WESTMONT — With spring's arrival comes the threat of severe weather.
In an effort to train and prepare the community for the dangers of severe storms, the Westmont Fire Department will host a Severe Weather Training Seminar at 7 p.m. Monday at the Westmont Fire Department Headquarters, 6015 S. Cass Ave.
Westmont Fire Chief Dave Weiss said the seminar will inform residents and business people who work in the village about severe storms, the differences between watches and warnings, alerts and how they can prepare themselves and others.
"The program will train residents on what to look for, who they should notify and what they can do to protect themselves and their families," Weiss said.
National Weather Service representatives will also offer training on how to spot severe weather. "Storm spotters are often the earliest warning signs when it comes to severe weather and can see things even before warnings are issued," Weiss added.
While the village has been holding this severe weather program for the past few years, it was typically not widely publicized — in past years in what was strictly for members of the Westmont Emergency Management Agency, a group of civilian volunteers who assist the Westmont Police and Fire Department in emergency situations.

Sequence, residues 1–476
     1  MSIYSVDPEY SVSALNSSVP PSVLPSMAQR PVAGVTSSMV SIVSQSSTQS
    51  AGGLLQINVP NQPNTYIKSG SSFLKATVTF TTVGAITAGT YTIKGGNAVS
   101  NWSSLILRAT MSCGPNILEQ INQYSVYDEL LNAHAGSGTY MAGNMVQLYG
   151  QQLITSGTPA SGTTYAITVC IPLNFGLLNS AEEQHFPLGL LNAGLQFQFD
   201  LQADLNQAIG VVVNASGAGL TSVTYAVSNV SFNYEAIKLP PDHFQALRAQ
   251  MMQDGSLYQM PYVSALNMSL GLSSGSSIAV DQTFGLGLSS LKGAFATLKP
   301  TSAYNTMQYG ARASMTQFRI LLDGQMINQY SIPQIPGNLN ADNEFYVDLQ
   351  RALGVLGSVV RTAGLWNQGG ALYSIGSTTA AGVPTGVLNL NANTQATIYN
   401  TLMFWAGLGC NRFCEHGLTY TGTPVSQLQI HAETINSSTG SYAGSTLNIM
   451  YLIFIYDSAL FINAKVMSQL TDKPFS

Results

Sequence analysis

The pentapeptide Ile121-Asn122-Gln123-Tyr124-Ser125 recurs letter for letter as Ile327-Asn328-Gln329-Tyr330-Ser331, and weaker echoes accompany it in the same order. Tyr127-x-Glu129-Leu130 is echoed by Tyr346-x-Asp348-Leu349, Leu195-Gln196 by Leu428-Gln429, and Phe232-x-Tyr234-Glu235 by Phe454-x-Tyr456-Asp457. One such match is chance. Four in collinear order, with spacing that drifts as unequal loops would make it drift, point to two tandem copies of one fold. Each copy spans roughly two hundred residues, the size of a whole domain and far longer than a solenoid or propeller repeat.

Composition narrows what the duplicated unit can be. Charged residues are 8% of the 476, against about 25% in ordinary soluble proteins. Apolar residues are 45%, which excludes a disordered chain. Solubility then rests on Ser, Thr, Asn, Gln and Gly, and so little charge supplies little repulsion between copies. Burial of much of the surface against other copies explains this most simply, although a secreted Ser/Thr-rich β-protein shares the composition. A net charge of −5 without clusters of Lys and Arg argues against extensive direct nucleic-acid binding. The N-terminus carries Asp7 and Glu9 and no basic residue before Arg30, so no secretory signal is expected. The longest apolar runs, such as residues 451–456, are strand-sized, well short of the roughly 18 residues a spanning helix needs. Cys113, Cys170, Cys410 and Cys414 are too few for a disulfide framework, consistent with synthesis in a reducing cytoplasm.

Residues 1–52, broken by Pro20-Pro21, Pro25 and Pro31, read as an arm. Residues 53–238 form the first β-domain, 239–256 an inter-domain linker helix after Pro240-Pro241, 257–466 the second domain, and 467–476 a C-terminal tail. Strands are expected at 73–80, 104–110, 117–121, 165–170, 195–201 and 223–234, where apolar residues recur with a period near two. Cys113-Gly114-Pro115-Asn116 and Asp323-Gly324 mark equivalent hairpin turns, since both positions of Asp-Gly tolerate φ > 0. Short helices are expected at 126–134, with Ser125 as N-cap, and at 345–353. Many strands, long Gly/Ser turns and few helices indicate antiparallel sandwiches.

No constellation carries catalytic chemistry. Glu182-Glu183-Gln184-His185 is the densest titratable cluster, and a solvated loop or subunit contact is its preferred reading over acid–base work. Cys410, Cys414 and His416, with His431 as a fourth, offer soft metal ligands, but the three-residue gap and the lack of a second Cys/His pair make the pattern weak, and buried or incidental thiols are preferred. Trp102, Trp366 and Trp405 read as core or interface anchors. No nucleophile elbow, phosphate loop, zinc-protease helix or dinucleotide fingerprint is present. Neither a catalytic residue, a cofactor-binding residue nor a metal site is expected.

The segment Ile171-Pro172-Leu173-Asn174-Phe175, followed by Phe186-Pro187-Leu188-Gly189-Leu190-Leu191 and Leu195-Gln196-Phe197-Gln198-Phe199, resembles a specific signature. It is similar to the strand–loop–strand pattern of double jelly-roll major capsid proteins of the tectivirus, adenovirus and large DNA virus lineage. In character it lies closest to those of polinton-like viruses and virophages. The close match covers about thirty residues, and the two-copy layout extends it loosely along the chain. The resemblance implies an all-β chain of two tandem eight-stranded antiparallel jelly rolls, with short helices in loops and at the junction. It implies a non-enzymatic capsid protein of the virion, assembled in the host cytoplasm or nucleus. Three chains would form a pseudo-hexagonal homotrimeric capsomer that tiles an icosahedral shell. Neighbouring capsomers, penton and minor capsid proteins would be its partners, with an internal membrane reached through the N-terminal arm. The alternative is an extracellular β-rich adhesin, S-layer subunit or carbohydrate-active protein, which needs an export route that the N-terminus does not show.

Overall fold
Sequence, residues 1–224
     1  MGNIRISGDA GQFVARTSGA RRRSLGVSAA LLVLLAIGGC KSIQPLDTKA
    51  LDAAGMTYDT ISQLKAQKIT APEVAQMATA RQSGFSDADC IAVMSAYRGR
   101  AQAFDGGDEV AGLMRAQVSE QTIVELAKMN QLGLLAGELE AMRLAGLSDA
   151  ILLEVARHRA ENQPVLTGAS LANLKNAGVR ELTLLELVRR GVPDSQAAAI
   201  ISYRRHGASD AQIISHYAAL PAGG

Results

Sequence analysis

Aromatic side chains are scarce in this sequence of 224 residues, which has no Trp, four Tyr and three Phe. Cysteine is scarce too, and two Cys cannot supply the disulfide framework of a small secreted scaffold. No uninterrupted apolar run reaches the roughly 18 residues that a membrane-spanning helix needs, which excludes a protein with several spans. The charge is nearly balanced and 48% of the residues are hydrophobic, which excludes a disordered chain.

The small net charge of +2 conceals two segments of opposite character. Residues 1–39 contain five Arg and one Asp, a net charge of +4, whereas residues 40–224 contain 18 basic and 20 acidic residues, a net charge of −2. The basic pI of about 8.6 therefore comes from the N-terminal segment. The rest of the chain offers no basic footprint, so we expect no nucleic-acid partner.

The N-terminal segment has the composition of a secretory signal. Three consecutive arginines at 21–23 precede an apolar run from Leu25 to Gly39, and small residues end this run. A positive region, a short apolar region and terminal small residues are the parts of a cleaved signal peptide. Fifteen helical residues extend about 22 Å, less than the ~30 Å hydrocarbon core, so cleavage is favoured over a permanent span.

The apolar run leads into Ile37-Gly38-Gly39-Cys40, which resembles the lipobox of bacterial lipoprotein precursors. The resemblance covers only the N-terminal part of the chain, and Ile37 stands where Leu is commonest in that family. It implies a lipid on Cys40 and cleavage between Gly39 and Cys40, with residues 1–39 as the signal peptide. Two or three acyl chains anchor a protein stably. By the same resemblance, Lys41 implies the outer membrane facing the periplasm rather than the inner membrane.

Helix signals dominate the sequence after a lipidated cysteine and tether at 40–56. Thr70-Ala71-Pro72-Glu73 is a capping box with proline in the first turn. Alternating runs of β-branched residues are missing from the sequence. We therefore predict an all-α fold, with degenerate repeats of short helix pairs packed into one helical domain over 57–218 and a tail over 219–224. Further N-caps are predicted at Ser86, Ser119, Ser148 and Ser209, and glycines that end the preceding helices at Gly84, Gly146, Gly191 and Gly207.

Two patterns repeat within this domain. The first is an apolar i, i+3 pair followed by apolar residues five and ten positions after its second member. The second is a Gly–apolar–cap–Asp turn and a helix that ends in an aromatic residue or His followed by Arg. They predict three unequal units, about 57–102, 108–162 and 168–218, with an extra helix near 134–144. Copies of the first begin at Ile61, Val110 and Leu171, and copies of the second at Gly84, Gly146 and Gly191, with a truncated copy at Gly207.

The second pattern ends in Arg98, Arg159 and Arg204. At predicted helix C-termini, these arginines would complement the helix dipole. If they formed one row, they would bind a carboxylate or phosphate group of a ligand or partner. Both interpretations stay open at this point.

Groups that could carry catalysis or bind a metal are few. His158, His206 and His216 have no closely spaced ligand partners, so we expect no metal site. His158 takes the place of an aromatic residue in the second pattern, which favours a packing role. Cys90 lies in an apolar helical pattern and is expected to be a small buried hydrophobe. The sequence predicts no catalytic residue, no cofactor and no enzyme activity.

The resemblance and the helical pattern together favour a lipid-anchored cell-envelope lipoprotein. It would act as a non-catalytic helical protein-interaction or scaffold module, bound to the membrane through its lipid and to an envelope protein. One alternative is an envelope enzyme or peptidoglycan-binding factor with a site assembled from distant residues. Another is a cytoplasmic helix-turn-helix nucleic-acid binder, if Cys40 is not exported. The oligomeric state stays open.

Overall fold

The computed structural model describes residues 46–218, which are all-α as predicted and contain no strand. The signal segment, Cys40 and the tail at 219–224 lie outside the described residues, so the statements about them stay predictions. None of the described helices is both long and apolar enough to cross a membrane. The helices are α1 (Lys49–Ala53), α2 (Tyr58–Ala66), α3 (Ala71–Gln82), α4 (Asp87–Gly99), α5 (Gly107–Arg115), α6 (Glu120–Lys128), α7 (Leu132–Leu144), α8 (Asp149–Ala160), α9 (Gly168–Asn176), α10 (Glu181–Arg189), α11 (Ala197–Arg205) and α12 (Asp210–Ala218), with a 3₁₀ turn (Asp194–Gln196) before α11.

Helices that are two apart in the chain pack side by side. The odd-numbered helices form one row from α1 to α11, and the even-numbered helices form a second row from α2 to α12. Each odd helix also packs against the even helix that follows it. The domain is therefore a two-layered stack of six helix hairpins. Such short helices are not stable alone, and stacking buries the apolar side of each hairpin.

But with the uptick in severe weather over the last few years, the village has expanded the program to the public, Weiss said.
Glenn Sharkey, a member of the village's EMA, said the training offered in the seminar is invaluable.
"Through our training, we have the same access to radar and other technology that the news people have when it comes to looking at storms, and how to red them," Sharkey said. Weiss said the most important thing that residents can do in the event of severe weather is heed to warnings.
The village operares a storm siren system, which is activated when severe weather is spotted within five miles of the village. Those sirens are the most effective way to alert the community, Weiss said, but often times aren't taken serious.
"When we activate the warning sirens, the threat is very serious and many times residents either don't take them seriously or don't know what to do when the sirens go off," Weiss said. "The community needs to understand, and this one of the biggest aspects that we are trying to get across to our residents."
Sharkey mentioned false alarms in the past regarding the sirens that have affected residents' confidence in them.
One of the ways the village has gotten the word out to the community in recent years has been through the EMA, consisting of about 35 trained volunteers in the the village that have been working to make sure that residents are aware of the dangers that severe weather poses.
"The recent trends have been that dangerous weather events has been occurring more frequently, and more severe. And it is only going to get worse," Weiss said. "We, as a community, need to be prepared as best as we possibly can."